So, what is the Bonn climate conference expected to achieve?
In one sentence, the simplified expectation is to make accelerated progress in operationalising the Paris Agreement, due for completion not later than COP-24 in 2018.
The dilemma is that while the emissions are rising, the political support to the Paris Climate agreement by one of the two largest emitters, the US, has fallen. More than that, there is a dark cloud that looms large over the Bonn meeting: Would the nationalist’s virus of “my nation first” spread and the political support wane by bringing the process of operationalising to square number one?
As per the Emission Gap Report of 2017, the Paris pledges, called NDCs (Nationally Determined Contributions), are only a third of what is needed to avoid the worst impact of climate change. As things stand today, even full implementation of current NDCs makes a temperature increase of at least three degrees Celsius by 2100 “very likely” — meaning that governments need to deliver much stronger pledges when they are revised in 2020.
Even so, there is light at the end of the tunnel. The investments in clean energy are growing over the last three years as per many authentic studies, including that of the Paris-based International Energy Agency. In 2016, 80 percent of all the investments in the electricity sector have gone into renewable energy installations. Most of this has been in the developing countries.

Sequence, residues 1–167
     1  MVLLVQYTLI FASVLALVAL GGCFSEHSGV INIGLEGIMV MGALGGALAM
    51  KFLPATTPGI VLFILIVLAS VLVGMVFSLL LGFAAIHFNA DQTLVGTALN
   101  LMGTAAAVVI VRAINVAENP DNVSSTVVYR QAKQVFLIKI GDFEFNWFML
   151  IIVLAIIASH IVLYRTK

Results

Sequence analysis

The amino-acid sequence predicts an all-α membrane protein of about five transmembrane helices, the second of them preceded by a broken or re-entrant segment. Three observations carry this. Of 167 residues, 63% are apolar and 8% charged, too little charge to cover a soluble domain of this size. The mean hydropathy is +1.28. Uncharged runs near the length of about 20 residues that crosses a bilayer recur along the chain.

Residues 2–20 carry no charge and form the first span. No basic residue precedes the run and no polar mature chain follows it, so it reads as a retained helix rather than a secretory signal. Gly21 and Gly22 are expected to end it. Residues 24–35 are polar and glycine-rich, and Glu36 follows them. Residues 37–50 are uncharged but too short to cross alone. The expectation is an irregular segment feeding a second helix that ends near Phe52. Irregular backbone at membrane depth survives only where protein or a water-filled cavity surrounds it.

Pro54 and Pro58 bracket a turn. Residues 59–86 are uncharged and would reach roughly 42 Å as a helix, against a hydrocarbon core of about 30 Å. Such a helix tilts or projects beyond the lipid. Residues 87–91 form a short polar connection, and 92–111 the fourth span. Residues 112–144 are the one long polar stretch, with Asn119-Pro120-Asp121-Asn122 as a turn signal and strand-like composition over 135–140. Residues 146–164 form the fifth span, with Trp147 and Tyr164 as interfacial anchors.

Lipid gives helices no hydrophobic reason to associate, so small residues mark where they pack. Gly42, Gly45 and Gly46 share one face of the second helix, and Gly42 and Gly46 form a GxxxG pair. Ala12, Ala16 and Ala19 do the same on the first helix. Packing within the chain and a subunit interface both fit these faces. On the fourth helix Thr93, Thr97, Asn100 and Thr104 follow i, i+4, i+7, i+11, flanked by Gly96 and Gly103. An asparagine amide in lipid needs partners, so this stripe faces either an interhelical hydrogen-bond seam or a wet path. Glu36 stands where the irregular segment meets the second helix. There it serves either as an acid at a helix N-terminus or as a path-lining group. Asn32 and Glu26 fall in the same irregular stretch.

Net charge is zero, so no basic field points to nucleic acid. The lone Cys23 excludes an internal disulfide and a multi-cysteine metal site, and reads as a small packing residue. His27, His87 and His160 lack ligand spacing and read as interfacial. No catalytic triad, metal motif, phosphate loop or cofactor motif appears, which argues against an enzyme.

Development economists, however, feel that this light at the end of the tunnel is a train coming from the other direction. The policymakers, in their zest for quick gains, may reduce the policy and financial support for renewable energy any time, making such investment risky.
I recall a speech of US Vice President Al Gore in December 1997 in Kyoto: “We have reached a fundamentally new stage in the development of human civilisation, in which it is necessary to take responsibility for a recent but profound alteration in the relationship between our species and our planet. Because of our new technological power and our growing numbers, we now must pay careful attention to the consequences of what we are doing to the Earth — especially to the atmosphere.”
The US, though it signed the Kyoto Protocol in November 1998, never submitted it to the Senate for ratification because the House was unanimous that developing countries were favoured.
Now, the US, though it ratified the Paris Agreement with then President Barack Obama using his special powers, his successor, Donald Trump, has declared his intention to withdraw, because developing countries are “unfavourably bestowed” with the promise of finances from the developed countries — mainly the US.
Yes, we are in square number one, maybe two.